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 Wider view: Though all kinds of performances should be measured, Shankar says one need not have to look at them week to week. Ashesh Shah / Mint

Wider view: Though all kinds of performances should be measured, Shankar says one need not have to look at them week to week. Ashesh Shah / Mint

Market share is a tool for profit

Market share is a tool for profit

New Delhi: Star Plus, the flagship channel of Star India Pvt. Ltd, has returned to the leadership position in the Hindi general entertainment category (GEC). For the fifth consecutive week, the channel has ranked No. 1 after lagging behind Colors from the Viacom18 Media Pvt. Ltd stable for nearly 22 weeks. Star India chief executive officer Uday Shankar underplays the revival of Star Plus but airs his views on the corrections needed in the broadcast industry. Edited excerpts from an interview:

Wider view: Though all kinds of performances should be measured, Shankar says one need not have to look at them week to week. Ashesh Shah / Mint

What do you attribute the spike in the Star Plus ratings to?

Primarily, fiction. Some of the new shows are doing well and the old shows are holding on. We have launched a new show at 7.30pm (Sasural Genda Phool) and it has opened at a television rating of 1.7 and 1.8, which is very good for that time slot. Man ki Awaaz Pratigya gets 4.6 and 4.8 and is the leader in the 10.30 category. Yeh Rishta, Bidaai and Sabki Ladli…are still doing well.

In a news television cliché, “how does it feel to be No. 1 again"?

When you have been the leader of a category for 10 years, then losing the leadership for a few weeks and coming back is not exceptional. Star’s leadership is far deeper than weekly GRPs (gross rating points). Leadership is a combination of the ability to set the agenda, innovate and get a premium over every other competitor. Regardless of the weekly ratings fluctuations, we have done well.

I am very cynical about the way the entire industry—including the media that reports on it—has got so focused on the weekly performance of channels.

So you are not in favour of measuring weekly performance?

All kinds of performances should be measured, but you don’t have to look at it week to week. The business we are in is a marathon. What’s the point of measuring who was ahead after 10m or 20m?

The gross rating points are an extrapolation based on data that TAM (Media Research) has. Assuming the data is accurate, it doesn’t tell you anything. If one location does not have power for sometime, it would get reflected (in ratings). But that doesn’t mean that the strength of the channel is down or the story is poor.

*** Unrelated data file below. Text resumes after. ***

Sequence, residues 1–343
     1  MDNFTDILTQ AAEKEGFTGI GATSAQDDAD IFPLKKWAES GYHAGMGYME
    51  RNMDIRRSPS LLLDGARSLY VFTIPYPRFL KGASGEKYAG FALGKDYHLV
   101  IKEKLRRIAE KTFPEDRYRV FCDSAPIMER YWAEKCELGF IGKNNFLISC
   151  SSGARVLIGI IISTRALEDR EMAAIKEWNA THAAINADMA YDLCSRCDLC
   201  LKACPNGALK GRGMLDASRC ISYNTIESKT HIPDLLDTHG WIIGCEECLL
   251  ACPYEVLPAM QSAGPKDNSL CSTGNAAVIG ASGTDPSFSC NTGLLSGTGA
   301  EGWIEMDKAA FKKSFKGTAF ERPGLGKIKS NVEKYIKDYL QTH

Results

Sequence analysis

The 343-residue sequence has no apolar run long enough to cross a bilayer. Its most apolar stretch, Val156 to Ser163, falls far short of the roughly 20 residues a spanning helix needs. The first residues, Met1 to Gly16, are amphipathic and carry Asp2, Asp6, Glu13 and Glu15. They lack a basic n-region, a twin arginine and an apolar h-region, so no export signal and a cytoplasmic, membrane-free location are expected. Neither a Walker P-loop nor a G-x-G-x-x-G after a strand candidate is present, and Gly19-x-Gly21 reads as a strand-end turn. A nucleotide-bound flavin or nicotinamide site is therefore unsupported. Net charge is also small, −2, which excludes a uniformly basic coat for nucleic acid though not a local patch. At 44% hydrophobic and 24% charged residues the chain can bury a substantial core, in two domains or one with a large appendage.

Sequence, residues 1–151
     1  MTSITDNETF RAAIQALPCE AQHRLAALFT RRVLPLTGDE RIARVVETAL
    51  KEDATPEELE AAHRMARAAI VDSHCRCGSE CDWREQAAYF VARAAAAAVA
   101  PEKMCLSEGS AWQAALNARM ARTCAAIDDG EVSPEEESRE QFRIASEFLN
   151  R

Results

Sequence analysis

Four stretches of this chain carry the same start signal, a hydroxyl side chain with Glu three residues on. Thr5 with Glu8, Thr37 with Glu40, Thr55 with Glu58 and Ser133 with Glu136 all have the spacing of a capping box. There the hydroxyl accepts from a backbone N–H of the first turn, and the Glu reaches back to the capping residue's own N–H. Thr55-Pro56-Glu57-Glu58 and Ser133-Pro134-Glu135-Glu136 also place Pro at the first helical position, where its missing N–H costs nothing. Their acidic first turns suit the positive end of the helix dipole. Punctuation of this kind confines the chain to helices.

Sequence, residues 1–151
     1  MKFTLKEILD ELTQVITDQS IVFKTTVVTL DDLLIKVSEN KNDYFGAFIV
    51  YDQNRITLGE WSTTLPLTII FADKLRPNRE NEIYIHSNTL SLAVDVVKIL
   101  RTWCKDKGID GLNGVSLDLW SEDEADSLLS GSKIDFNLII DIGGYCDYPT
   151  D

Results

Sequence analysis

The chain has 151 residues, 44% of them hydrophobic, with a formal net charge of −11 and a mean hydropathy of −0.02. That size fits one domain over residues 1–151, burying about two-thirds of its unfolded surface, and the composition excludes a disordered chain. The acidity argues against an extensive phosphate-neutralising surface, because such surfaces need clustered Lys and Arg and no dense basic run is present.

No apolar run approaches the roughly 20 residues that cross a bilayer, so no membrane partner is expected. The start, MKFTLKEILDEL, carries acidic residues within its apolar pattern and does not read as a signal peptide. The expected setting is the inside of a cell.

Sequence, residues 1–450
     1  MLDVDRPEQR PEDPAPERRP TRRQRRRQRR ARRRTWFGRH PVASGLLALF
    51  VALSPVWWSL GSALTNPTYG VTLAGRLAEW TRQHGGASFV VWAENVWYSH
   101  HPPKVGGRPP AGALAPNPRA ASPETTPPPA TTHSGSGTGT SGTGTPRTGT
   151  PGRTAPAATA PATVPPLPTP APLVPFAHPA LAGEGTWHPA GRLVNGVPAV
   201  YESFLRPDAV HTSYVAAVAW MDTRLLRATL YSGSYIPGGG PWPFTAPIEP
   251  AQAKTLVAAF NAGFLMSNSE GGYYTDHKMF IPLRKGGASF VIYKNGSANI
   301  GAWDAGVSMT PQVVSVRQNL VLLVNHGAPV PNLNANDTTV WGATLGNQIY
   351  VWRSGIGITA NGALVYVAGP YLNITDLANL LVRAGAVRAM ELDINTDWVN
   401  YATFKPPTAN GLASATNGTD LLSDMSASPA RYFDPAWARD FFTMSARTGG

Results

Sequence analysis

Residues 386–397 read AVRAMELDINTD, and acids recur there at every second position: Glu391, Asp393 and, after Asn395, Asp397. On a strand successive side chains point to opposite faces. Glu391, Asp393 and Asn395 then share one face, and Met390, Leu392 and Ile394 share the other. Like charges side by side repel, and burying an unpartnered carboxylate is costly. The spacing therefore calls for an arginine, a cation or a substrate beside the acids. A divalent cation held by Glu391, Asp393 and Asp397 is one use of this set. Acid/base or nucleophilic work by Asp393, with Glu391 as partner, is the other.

But these issues were not raised when Star Plus was the market leader.

You have to bring up issues sometime or the other. Let me debunk this whole notion (about leadership). Star continues to be the leader. Our leadership is way beyond the leadership of Hindi. We are in news, sports and have English channels.

What are the issues with TAM research?

My issue is not with TAM. The issue is what do you do with ratings. The standard deviation on the sample can be significant. We need to look at data with some maturity. aMap (Audience Measurement and Analytics Ltd) delivers data on a daily basis, which is leading people to even more tactical responses.

Such as?

For instance, a channel killed two of its most important protagonists in serials because Star Plus GRPs were growing. And since they needed the characters, they were also revived. These short-term tactics are employed even if they are not relevant to the stories. News channels resort to popular ghost and snakes stories when their weekly ratings are down.

Will the new Broadcast Audience Research Council (BARC) solve the problem?

Look, BARC is just an agency. It can be as good or as bad as we make it. BARC is focused on having a much larger database.

Are the entertainment channels also setting up a complaint redressal body on the lines of news channels?

We definitely need a body since we have a very active relationship with the consumer. The content that we deliver has an influence over people. As responsible members of the business community, we should be prepared to put ourselves to scrutiny.

The GEC content continues to be regressive.

Once in a while you may see stuff that is regressive. But what do you mean by regressive? At the end of day, it is entertainment. Also, media mirrors society.

But you just said that television influences the viewers.

It works both ways. Where do you get your stories and characters from? The point I am making is that I don’t believe that content is all regressive.